Intuit’s Mint personal-finance service wants me to know it’s sorry. Again.
“We’re sorry!” its investments page bleats when I try to view my mutual funds’ performance. “Our graphs require the latest version of Adobe Flash player.”
That site has spent years apologizing to me for needing Adobe’s vulnerability-riddled plug-in: since I long ago booted Flash from my browser, since Adobe said in 2017 that it would drop Flash by the end of 2020, since Intuit told me in 2018 that Mint would wean itself from Flash “in the coming months.”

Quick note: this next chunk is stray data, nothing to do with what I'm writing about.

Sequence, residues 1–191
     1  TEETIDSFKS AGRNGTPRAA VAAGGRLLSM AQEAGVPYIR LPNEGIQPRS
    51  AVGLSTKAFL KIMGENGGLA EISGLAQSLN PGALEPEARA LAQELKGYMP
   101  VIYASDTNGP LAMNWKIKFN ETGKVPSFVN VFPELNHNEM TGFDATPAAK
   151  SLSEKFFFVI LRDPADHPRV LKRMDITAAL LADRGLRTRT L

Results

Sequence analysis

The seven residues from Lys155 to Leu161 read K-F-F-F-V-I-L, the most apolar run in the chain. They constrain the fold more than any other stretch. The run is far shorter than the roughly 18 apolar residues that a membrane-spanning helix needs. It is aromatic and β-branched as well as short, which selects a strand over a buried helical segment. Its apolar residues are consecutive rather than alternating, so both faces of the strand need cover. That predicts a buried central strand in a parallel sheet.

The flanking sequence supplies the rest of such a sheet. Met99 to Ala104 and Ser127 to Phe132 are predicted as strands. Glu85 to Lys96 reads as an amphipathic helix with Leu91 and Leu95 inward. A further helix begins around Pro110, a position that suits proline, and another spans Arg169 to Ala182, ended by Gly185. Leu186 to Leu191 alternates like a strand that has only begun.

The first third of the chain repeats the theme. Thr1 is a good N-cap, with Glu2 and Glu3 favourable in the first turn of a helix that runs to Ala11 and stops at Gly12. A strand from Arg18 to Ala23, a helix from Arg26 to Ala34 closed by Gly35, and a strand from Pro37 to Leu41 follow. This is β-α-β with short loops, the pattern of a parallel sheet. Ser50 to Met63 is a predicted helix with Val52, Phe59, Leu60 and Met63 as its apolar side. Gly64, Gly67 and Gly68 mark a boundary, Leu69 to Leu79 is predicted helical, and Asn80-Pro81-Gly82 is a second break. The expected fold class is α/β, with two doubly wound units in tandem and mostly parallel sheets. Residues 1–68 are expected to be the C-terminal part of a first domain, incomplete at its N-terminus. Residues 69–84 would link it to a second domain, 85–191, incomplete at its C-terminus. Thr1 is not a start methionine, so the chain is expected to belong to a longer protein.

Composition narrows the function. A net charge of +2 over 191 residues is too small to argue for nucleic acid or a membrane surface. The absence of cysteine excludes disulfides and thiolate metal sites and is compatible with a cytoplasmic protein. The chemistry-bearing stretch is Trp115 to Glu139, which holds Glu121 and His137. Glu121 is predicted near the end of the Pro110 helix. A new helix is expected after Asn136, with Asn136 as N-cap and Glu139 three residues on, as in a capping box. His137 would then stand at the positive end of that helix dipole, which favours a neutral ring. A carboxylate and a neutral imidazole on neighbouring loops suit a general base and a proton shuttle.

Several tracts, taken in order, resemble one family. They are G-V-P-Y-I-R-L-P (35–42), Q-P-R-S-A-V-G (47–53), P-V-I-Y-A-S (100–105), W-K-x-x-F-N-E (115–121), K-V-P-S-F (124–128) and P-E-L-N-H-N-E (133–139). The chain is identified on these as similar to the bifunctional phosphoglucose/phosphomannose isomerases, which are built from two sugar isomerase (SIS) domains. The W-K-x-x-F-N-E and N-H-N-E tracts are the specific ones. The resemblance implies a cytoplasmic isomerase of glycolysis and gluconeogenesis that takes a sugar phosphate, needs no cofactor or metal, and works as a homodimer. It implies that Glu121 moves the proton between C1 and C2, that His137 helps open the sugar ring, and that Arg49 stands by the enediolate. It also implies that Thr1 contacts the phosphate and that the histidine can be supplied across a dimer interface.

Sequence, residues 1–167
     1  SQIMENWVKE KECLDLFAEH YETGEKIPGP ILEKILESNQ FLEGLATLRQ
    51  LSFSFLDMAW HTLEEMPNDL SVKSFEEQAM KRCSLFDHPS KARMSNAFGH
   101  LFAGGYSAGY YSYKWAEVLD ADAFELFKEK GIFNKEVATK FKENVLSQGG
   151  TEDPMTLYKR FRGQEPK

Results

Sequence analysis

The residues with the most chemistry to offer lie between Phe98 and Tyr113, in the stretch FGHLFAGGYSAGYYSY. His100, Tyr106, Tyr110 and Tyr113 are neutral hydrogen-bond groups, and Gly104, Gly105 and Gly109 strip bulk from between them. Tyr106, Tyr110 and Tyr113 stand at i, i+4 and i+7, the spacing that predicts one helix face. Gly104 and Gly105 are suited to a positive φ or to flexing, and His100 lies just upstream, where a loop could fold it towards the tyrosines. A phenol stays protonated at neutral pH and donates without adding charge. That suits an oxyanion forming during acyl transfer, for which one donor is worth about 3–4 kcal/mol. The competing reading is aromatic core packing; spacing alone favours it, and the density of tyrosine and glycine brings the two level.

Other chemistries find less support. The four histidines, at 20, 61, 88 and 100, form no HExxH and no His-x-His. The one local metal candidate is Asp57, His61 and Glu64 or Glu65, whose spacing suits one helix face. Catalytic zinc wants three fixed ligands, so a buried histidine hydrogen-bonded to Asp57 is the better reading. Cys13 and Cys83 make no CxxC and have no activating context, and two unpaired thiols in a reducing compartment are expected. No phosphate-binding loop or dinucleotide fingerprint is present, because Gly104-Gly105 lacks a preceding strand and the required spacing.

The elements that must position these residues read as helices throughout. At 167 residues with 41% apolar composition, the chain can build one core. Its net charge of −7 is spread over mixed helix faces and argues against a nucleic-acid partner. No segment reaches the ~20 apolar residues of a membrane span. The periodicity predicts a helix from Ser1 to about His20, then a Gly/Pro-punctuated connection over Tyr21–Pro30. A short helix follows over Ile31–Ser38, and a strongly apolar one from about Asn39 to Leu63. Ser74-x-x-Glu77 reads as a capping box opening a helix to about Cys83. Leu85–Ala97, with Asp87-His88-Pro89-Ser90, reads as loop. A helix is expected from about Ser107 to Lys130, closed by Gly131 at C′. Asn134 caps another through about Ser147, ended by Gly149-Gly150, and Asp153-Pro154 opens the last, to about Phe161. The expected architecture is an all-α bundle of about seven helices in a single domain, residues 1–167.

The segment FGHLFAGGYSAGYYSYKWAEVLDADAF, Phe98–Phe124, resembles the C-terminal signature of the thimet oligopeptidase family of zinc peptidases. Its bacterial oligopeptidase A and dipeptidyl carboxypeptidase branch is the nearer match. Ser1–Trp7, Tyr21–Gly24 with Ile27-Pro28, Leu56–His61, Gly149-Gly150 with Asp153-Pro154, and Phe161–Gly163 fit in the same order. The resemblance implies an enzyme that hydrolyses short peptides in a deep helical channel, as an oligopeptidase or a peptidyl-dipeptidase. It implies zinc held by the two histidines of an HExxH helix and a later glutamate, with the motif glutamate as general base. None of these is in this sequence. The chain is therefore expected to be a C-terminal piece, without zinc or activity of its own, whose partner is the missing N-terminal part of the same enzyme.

But that’s in keeping with this fossilized financial tool. Mint still provides a valuable service for free in aggregating transaction data from multiple financial institutions to clarify where your money comes and goes—and in the bargain suggests hopefully-better financial products from advertisers—but this app exhibits severe symptoms of neglect.
It’s as if Mint, with 13 million-plus registered users, were a resource-constrained…